The Emerging Role of the Safety Professional: Part 2

Become a change agent for your own good and that of your organization.

As the business landscape continues to change, safety professionals are faced with rethinking their traditional role. Staying relevant as the organization changes means learning how to leverage your knowledge, skills, and experience in new ways. This article, the second in a series on the changing role of the safety professional, presents the case for transitioning from technical expert to change agent and outlines the core competencies of this new role.

The Technical Expert Trap
Safety today is increasingly treated as a business function with tangible business impacts, rather than as a discrete function managed by a handful of people. More organizations are expecting safety thinking and engagement from employees across levels and functions, including senior leaders. Alongside broader engagement, organizations also are identifying a wider scope of systems outside traditional safety silos that influence safety functioning.

These developments, while undoubtedly positive, pose a challenge to safety professionals. Simply put, a wider role for safety in the organization will mean an increased need for strategy and change management expertise and an increased demand for complex information about hazards and the factors that create them. For even the best safety professionals, being pegged as a “technical expert” without strategic capabilities can increasingly limit options and opportunities. Ultimately, it affects the ability to shape EHS functioning within the business.

If you are a technical expert in EHS, the good news is that you already have the skills and knowledge to contribute to safety strategy. The hard part will be gaining fluency in organizational change management and recasting yourself as an agent of change.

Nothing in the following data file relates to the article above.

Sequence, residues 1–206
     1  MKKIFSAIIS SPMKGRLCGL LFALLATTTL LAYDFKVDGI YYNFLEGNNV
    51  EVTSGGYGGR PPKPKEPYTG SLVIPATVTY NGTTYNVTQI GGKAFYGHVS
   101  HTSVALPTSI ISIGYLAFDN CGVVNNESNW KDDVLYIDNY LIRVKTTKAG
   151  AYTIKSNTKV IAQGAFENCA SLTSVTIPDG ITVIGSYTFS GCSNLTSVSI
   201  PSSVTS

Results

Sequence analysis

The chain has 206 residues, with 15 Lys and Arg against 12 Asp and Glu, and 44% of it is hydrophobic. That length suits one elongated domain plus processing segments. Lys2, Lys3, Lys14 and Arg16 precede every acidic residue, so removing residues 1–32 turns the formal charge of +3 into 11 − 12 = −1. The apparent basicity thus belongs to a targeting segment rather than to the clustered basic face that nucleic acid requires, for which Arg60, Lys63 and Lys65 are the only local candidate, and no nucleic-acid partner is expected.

Core Competencies of a Change Agent
A change agent is in the business of advancing performance by identifying how to get there and enlisting others in that endeavor. Change agents in safety do not leave their technical expertise behind; they simply leverage it to develop strategies for sustainable, high-level performance. The difference between technical expert and change agent here is akin to the difference between a manager and a leader. One is concerned with the “what” of the safety objective and in executing the particulars, the other with the “how” of the objective and with guiding the strategy.

There are a number of elements that create effective change agents: remaining ever curious, continuous learning, and building fluency in the behavioral sciences, consequence management, exposure recognition and reduction, and other tools for safety improvement. At its core, the competencies of an effective change agent come down to three things: knowing and maintaining focus on the safety objective, understanding behavior, and understanding culture and safety climate.

Knowing the focus
As a technical expert, you have a focus on safety that probably has been on the particulars: what hazards exist where and what systems are needed to mitigate them. As a change agent, you need to develop a view of the performance target that is high and broad. The ultimate goal of any safety effort is to reduce exposures. Rather than concentrate only on finding and removing exposures, a high and broad focus looks for how exposures are created by organizational systems and the interactions of people with technology and processes.

Organizations striving to create a zeroinjury culture need this view in order to identify previously unknown or underappreciated exposures and to ensure the mechanisms they install are effective at controlling them. By providing this view, you allow your organization to move away from “chasing injuries” to managing risk within the fabric of the business itself.

Understanding behavior
Safety professionals are often drawn into discussions about behavior: namely, how do we get people to do the right things in the right way? From an on-the-ground perspective, the solution to a safety-related behavior—for example, employees not intervening when they see a peer working at risk—might seem simple. Develop a checklist, put people in a training session, and tell them we expect them to do it. This might work if the only barrier to the behavior was a lack of awareness or feedback skills. As a change agent, however, you need to know exactly what factors are driving this behavior in order to forward the right solution.

A very helpful tool for safety professionals is ABC Analysis, a method that helps decipher what influences organizational behavior. We analyze the behavior by defining an example of it. (For example: “An employee does not stop a co-worker who is about to start grinding without a face shield.”) Talking to employees, we might find that the antecedents (triggers) of this negative behavior are: